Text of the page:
UNITED STATES SUPREME COURT DECISIONS ON-LINE

McCREARY COUNTY, KENTUCKY, et al. v. AMERICAN CIVIL LIBERTIES UNION OF KENTUCKY et al., 545 U.S. ---

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McCREARY COUNTY, KENTUCKY, et al. v. AMERICAN CIVIL LIBERTIES UNION OF KENTUCKY et al.

CERTIORARI TO THE UNITED STATES COURT OF APPEALS FOR THE SIXTH CIRCUIT

No. 03-1693.Argued March 2, 2005--Decided June 27, 2005

After petitioners, two Kentucky Counties, each posted large, readily visible copies of the Ten Commandments in their courthouses, respondents, the American Civil Liberties Union (ACLU) et al., sued under 42 U. S. C. §1983 to enjoin the displays on the ground that they violated the First Amendment's Establishment Clause. The Counties then adopted nearly identical resolutions calling for a more extensive exhibit meant to show that the Commandments are Kentucky's "precedent legal code." The resolutions noted several grounds for taking that position, including the state legislature's acknowledgment of Christ as the "Prince of Ethics." The displays around the Commandments were modified to include eight smaller, historical documents containing religious references as their sole common element, e.g., the Declaration of Independence's "endowed by their Creator" passage. Entering a preliminary injunction, the District Court followed the Lemon v. Kurtzman, 403 U. S. 602, test to find, inter alia, that the original display lacked any secular purpose because the Commandments are a distinctly religious document, and that the second version lacked such a purpose because the Counties narrowly tailored their selection of foundational documents to those specifically referring to Christianity. After changing counsel, the Counties revised the exhibits again. No new resolution authorized the new exhibits, nor did the Counties repeal the resolutions that preceded the second one. The new posting, entitled "The Foundations of American Law and Government Display," consists of nine framed documents of equal size. One sets out the Commandments explicitly identified as the "King James Version," quotes them at greater length, and explains that they have profoundly influenced the formation of Western legal thought and this Nation. With the Commandments are framed copies of, e.g., the Star Spangled Banner's lyrics and the Declaration of Independence, accompanied by statements about their historical and legal significance. On the ACLU's motion, the District Court included this third display in the injunction despite the Counties' professed intent to show that the Commandments were part of the foundation of American Law and Government and to educate County citizens as to the documents. The court took proclaiming the Commandments' foundational value as a religious, rather than secular, purpose under Stone v. Graham, 449 U. S. 39, and found that the Counties' asserted educational goals crumbled upon an examination of this litigation's history. Affirming, the Sixth Circuit stressed that, under Stone, displaying the Commandments bespeaks a religious object unless they are integrated with a secular message. The court saw no integration here because of a lack of a demonstrated analytical or historical connection between the Commandments and the other documents.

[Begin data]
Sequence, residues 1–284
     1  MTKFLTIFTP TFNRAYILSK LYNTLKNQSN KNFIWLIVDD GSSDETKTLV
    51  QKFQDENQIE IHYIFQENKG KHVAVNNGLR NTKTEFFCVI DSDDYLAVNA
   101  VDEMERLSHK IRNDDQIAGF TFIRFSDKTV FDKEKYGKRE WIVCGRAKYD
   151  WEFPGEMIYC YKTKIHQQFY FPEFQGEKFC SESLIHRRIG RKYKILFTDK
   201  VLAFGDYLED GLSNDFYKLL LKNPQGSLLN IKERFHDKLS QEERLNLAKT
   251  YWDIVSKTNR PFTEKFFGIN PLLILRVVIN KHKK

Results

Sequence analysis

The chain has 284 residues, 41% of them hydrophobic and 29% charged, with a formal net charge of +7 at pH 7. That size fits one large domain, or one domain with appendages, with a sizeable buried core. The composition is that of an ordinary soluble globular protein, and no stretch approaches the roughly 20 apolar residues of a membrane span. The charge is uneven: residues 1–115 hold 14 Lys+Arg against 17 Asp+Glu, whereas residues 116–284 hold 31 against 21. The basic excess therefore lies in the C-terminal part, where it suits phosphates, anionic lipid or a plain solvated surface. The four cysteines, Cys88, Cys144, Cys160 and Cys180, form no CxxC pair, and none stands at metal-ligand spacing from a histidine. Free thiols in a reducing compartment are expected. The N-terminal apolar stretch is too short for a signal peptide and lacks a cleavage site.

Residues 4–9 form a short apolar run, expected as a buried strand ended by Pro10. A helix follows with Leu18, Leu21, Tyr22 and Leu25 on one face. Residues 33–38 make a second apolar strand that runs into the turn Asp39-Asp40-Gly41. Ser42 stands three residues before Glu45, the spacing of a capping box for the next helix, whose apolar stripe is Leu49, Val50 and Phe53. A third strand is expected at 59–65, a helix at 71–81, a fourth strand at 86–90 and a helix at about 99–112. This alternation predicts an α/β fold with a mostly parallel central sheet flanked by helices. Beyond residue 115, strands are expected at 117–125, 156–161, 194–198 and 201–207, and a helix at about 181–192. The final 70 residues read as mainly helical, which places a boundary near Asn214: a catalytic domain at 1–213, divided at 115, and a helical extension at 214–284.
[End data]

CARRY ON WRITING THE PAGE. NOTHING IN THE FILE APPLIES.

Held:


Full Text of Opinion


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